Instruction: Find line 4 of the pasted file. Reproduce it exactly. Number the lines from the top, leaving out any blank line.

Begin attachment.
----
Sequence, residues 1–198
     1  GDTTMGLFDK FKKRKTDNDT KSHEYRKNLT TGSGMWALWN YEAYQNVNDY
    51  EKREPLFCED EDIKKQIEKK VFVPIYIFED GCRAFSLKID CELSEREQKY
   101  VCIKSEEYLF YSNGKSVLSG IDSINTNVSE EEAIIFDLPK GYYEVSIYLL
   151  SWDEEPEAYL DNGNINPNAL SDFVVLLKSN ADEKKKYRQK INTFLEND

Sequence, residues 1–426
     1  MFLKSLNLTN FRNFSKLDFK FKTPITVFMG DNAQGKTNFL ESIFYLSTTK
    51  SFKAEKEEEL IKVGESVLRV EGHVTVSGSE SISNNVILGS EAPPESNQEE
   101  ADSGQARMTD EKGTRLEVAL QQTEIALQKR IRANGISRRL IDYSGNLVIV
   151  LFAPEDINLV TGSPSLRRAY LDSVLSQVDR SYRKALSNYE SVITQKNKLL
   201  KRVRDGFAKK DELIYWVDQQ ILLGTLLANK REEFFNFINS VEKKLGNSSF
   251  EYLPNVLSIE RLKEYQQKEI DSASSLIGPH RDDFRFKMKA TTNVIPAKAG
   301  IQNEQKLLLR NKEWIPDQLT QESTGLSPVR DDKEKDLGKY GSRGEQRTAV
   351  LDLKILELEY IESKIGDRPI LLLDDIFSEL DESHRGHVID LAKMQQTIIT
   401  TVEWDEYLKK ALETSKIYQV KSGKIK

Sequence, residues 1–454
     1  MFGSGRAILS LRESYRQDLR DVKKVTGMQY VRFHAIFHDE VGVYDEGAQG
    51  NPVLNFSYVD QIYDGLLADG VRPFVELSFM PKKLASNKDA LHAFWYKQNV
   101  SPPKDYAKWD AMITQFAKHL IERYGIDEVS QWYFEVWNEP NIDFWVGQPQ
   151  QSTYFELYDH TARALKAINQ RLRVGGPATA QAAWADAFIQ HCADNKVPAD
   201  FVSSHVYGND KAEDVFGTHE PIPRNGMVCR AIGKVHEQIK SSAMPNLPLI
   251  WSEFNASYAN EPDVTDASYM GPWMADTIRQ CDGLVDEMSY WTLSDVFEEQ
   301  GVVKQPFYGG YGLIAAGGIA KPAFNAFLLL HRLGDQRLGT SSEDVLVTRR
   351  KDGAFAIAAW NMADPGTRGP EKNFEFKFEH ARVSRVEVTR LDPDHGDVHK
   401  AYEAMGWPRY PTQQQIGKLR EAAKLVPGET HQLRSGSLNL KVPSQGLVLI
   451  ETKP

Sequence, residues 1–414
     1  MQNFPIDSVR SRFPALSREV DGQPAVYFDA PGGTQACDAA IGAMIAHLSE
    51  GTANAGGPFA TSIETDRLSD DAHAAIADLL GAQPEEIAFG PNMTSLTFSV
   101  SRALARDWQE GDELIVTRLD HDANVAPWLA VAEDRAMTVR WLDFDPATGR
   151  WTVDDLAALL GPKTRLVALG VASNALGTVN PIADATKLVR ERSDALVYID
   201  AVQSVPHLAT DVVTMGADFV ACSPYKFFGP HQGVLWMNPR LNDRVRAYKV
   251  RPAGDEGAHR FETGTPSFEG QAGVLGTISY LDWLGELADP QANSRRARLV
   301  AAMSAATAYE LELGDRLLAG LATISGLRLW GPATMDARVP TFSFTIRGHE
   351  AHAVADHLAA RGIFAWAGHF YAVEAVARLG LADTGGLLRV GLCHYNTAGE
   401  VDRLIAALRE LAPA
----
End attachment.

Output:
   101  VCIKSEEYLF YSNGKSVLSG IDSINTNVSE EEAIIFDLPK GYYEVSIYLL